The Askja region was created when a magma chamber collapsed beneath the picturesque Dyngjufjöll mountains. Falling in upon itself, the Askja region became a 50 square kilometre caldera within the Icelandic Highlands. The Askja Volcano erupted in 1875 and the force of this eruption blasted a new caldera inside the old one. After the cooling period, this new basin filled with glacial water which is now, a stunning opaque blue lake (Öskjuvatn) within the crater and is 11 km squared and 220 metres (722 ft) deep.
The small lake which was another result of the 1875 eruption is Víti. It a geo-thermally heated crater lake is approximately 25°C. This also makes it a popular location for passing travellers to bathe in this milky blue geothermally heated heaven. The region that surrounds these lakes is characterised by its jet black sand dunes; which also provides a striking contrast to the lakes’ serene blue shade.
This is a beautifully-formed crater that stands like a guard on the boundaries of the Snæfellsnes Peninsula and Mýrar in West-Iceland. The Eldborg crater, which literally means Fortress of Fire, is believed to have been at its most active some 5,000-8,000 years ago.
The hike to Eldborg crater covers 6 km and it takes around 1.5 hours to hike both ways. You can climb up and have a peek inside and also get a wonderful view of the other craters in this area. You’ll see that around Eldborg there are about 5 craters in a very short eruptive fissure; the Eldborg crater being the biggest one. Rising 60m above the surrounding lava, it is 200 m in diameter and 50 m deep.
The Burfell Crater is an old volcano located near Mt Helgafell; about 7,5 km from the town Hafnarfjordur and about 12 km. from Reykjavik the capital of Iceland. While this symmetrical crater is around 170 meters high, the lava, which ran from it about 7,200 years ago, branched into the bays Hafnarfiord and Skerjafiord. The road through the outdoor park of Heidmork can lead you to the beginning of a trail. This goes through the lava bank of the Búrfell crater. (Also known as Búrfellsgjá, which means the Crevice of Búrfell.) The walk also passes through this green-grey moss-topped lava bank up to the crater.
Rising about 170 meters above the ground, Grabrok crater belongs to the volcanic system of Ljosufjoll. It can be easily accessed via a footpath. As the crater is quite steep, steps have been built on part of it to make the hike easier. This volcanic crater is located east of Lake Hreðavatn in the fjord of Borgarfjörður in West Iceland. Spread over a distance of 90 km, it is also the largest of three craters (Stora Grabrok, Grabrokarfell and Litla Grabrok); it was formed about 3400 years ago in a fissure eruption.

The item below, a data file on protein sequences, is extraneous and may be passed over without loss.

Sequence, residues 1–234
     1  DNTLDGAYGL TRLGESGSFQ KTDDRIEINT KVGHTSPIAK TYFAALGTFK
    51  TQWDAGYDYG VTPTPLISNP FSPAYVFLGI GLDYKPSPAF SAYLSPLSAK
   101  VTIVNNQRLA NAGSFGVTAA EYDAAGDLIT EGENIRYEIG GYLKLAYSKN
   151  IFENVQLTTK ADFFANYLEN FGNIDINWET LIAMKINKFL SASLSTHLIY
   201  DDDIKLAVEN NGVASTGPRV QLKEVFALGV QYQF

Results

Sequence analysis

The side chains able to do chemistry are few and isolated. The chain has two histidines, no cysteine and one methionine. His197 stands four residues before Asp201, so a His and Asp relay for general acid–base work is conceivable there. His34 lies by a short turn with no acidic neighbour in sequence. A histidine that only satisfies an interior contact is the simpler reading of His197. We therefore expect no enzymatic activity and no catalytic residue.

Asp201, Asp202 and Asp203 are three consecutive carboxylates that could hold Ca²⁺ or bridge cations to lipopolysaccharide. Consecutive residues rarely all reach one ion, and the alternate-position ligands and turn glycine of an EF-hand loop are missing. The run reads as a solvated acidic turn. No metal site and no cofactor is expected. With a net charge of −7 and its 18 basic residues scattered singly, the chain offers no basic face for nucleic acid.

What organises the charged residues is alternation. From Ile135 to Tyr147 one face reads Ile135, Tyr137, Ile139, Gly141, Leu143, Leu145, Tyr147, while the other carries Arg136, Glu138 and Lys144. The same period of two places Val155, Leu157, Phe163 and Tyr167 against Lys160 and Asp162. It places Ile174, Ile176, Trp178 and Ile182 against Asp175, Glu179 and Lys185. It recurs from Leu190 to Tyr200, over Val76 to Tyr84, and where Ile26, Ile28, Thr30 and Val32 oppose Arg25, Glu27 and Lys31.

8Kerið Crater Lake
Visit this neon blue lake located in southern Iceland along the so-called Golden Circle. Sitting in a volcano surrounded by rare red volcanic rock, Kerid crater lake is unique among other crater lakes. Its caldera is believed to likely not have formed from an explosion as most do. When the magma in the centre of the volcano simply depleted itself, and the empty chamber beneath caved in, the Kerid Lake was formed.
Regardless of the geological frivolity that led to the lake’s creation, its bright rainbow of colours range from the most striking red to black to the most beautiful azure. Kerið belongs a row of craters called Tjarnarhólar and is 270 m long, 170 m wide and 55 m deep. Take a walk around this scenic lake or just walk down to the lake itself. Lose yourself in this privately-owned lake. But remember, the land-owners charge Icelandic Króna 400 for admittance; this fee is used for maintenance of the area.
Add these beautiful Icelandic volcanoes to your itinerary. And let us know about your experiences in the comments below!